For The Sensations It Arouses

A couple of days ago, Mike Johnston at The Online Photographer was talking about the overuse of the word ‘iconic’ – and he referenced a few photographs and art works to underline his point. One of the art works was Damien Hirst’s ‘For the Love of God’, which is a jewel-encrusted skull with teeth set in the gaping mouth. A pleasant subject, no?

I thought I would have a go at something similar – mostly for the sensations it aroused in me as I was doing it. It’s made in Photoshop.

Making it was a tiny bit cathartic, but mostly I was thinking about Damien Hirst and why he made it at all and why he named the piece as he did – assuming it was more than just for a showman’s dramatic effect.

I googled For The Love Of God Damien Hirst – and if you click the link you can see the skull he made and then if you open up the ‘Contexts tab in the concertina, you can read all about what the artist was thinking about in making it.

When I finished the JPEG version, it reminded me of one of the characters in a James Bond film that was set in the Caribbean, with Roger Moore in the title role. The character is dressed in skeletal makeup and jumps up at the camera. If you’ve seen the film, you probably remember it.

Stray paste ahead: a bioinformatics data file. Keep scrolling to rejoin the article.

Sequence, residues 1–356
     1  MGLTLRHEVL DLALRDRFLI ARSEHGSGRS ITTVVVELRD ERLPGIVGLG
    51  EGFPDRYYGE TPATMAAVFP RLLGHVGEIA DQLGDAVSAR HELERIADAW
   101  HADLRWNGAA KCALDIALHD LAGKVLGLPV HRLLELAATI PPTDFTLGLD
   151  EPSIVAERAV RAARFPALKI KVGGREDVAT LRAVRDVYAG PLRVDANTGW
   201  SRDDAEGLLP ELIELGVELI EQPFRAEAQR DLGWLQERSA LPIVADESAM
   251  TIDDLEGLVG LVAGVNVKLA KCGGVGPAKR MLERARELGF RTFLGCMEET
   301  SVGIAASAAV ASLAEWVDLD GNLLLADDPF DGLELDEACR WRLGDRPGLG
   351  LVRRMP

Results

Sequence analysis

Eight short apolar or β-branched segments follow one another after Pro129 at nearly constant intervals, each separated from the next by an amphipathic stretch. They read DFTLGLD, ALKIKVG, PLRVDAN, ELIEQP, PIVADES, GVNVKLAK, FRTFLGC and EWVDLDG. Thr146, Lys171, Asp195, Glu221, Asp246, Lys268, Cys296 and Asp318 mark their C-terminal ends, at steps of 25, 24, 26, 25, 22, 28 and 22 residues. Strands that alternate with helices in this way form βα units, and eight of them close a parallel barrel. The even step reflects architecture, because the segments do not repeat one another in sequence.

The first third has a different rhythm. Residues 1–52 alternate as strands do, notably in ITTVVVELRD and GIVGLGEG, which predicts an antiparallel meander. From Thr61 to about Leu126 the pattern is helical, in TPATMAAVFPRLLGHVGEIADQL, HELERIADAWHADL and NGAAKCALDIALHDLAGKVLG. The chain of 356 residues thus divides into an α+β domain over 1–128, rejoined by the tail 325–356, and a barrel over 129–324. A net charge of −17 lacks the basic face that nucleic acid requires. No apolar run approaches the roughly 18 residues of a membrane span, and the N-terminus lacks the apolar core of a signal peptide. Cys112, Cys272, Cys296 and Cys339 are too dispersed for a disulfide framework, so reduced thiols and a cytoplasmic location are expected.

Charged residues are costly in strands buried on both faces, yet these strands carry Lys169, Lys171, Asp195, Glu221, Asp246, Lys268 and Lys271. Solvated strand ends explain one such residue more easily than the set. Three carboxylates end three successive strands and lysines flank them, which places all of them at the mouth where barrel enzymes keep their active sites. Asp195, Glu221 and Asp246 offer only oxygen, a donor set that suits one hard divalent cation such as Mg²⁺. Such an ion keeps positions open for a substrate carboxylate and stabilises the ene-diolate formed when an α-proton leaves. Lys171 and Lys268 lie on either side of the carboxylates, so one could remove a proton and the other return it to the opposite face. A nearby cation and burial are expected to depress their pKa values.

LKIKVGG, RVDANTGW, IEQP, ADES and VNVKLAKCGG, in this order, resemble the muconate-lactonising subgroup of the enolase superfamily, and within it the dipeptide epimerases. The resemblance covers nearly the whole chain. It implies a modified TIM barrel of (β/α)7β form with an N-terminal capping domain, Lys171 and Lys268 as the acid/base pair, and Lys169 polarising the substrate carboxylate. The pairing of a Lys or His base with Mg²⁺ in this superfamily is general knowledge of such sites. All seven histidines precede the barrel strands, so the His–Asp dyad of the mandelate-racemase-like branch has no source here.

But then I got thinking about the triumph over death, which is what the star is about in the second image – an animated gif version.

The loop is 0.2 seconds, and that pretty quickly became annoying. The triumph over death should be at a more steady canter. So the last version here is at an interval of 2.0 seconds. It is calling out from a distant star, connecting with a distant star, in an unknown universe being explored.

skull illustration

10 thoughts on “For The Sensations It Arouses

      1. He’s become famous by shocking his audience. You may have heard of or seen his thirteen-foot tiger shark preserved in a tank of formaldehyde.

        It don’t think his skull is disgusting, but I can see people might. Is it art? It’s a construction and it took some imagination to envisage it. But is it art?

        Well if Duchamp’s urinal, entitled ‘Fountain’ is art, then Hirst’s work is art. I have my views on it – and so do museum curators 😉

        Liked by 1 person

        1. For this beholder, Van Dyke, Rembrandt, had skills that I admire. It’s not just their technical skill but also their insight into the human condition. Some cartoonists have skills that can tell a story with a squiggly line.

          I know that’s a floating idea, because I can warm to some artists once I get what they are getting it.

          But if the skill is in the idea but anyone could execute the piece, then for me – they are ideas people but not artists.

          Liked by 1 person

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